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Thyroid Cancer in Women

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Thyroid Cancer in Women

Sep 28, 2017

Thyroid cancer is the most common cancer in women 15 to 30 years of age. Though lumps in the thyroid are common, only 5 to 10 percent of lumps are cancer. Women's expert Dr. Kirtly Parker Jones talks about the risk factors for thyroid cancer—the majority of which women can't change—but also discusses why thyroid cancer is one of the most curable kinds of cancers.

Episode Transcript

Dr. Jones: "It brought a lump to my throat." This is a phrase that usually implies an emotional response to something. But what if there's really a lump in your throat? Or really a lump in your neck? This is Dr. Kirtley Jones from Obstetrics and Gynecology at the University of Utah Health, and we're talking about thyroid cancer and women today on The Scope.

Announcer: Covering all aspects of women's health, this is the Seven Domains of Women's Health with Dr. Kirtly Jones on The Scope.

Dr. Jones: Most of the time one of our most important hormone glands in our body just does its thing without us feeling it. For women, men are another story, the thyroid is the only gland that we can touch with our fingers. It's sort of a flat butterfly-shaped gland about two inches across in the front of our neck in front of our throat. It regulates the metabolism at every cell in the body.

Millions of women have thyroid problems, the most common being under or overactive thyroid. The majority of people in the United States with thyroid problems are women. We're not sure why that's the case except that most thyroid problems are due to autoimmune disease, antibodies that we make against part of the thyroid gland. All autoimmune diseases are more common in women.

Over and underactive thyroid symptoms are vague. The symptoms are feeling cold or slightly depressed. For underactive thyroid, feeling hot, your heart pounding and anxious, maybe weight loss are common for overactive thyroid. Sometimes the thyroid is slightly enlarged with over or underactive thyroid problems, but thyroid cancer presents as a lump. Sometimes the lump is noticed by the patient, but sometimes it presents with hoarseness of voice or difficulty swallowing, and sometimes the lump is detected by a clinician during a physical exam.

It's important to know that lumps in the thyroid are very common, and only 5% to 10 % of lumps in the thyroid in women are cancer. Now, thyroid cancer is the most cancer in women 15 to 30 years of age and is the second most common cancer after breast cancer in women under 50. Seventy-five percent of all thyroid cancers occur in women. And thyroid cancers generally happen younger in women than men.

There are a number of risk factors for thyroid cancer, the majority of which you can't change. I already mentioned that being a woman is one of them and you mostly can't change that. There are families that have genetic mutations that make cancers more common, and thyroid cancers are part of that family risk.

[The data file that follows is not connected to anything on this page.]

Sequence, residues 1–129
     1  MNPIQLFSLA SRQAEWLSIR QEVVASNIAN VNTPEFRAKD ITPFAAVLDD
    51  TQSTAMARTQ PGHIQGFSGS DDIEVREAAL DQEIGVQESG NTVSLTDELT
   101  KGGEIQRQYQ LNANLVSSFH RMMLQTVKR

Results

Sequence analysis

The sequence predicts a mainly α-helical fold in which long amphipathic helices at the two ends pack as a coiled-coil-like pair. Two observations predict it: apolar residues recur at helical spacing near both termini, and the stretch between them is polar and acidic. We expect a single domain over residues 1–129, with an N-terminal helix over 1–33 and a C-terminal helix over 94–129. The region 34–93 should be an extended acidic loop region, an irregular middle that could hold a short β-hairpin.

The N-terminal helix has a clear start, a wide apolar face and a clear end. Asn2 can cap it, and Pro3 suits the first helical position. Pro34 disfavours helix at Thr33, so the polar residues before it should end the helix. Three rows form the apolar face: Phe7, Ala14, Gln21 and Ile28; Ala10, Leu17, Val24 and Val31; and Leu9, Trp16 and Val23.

Another risk for thyroid cancer is exposure to radiation, especially as a child. The most common reason for a young person to have radiation exposure these days is because of radiation treatment for another cancer when the person was a child. Also, for those of us who grew up in the Intermountain West, the increased exposure to radiation from nuclear testing in the 50s is associated with a slightly increased risk of thyroid cancer. And of course exposure to an accident at a nuclear power plant that releases radiation can increase the risk, but this is uncommon.

Finally, children with a low diet in iodine are at an increased risk, but that's uncommon in the U.S. because table salt and sea salt have iodine and iodine is found in fish and is added when salt is added to some foods. Now, if you have a lump in your thyroid or an enlargement in the front of your neck where your thyroid is, you should see your doctor. The doctor will feel your thyroid, do a blood test to check out the thyroid hormones, and sometimes check a blood test to see if you have antibodies to your thyroid.

If there's any question of a lump in the thyroid, an ultrasound of your thyroid is the next step. If the ultrasound shows a lump, the next step could be to collect cells from the lump with a small needle. Now there's some controversy about when to do this test. So many thyroid lumps or nodules are totally benign. If the lump is less than a half inch or about one centimeter, most experts would just recommend watching it over time, unless of course you have a family history of thyroid cancer. In that case, you really need to watch things more carefully and the biopsy would be right.

If it's over an inch, most experts will recommend a biopsy. Now, if the biopsy shows cancerous cells, the next step is surgery usually to remove the thyroid and make sure the cancer hasn't spread to the lymph nodes. If it's spread, the next step can be radiation. It's most important to know that thyroid hormone can be easily and inexpensively replaced with a pill if you've had your thyroid removed. The other important fact, and listen up, is that thyroid cancer in young women is very curable with over 90%, survival for 20 years. So thyroid cancer is one of the most curable kinds of cancers.

So if you have a lump in your throat, first check out and make sure it isn't really your adorable child or the movie you're watching, but if it really is a lump in your neck, and bring it to your attention to your doctor. The chances are highly likely that it isn't cancer, but it should be evaluated. And if it's found to be thyroid cancer, it's often easily cured in women, and that's the best news. And thanks for joining us on The Scope.

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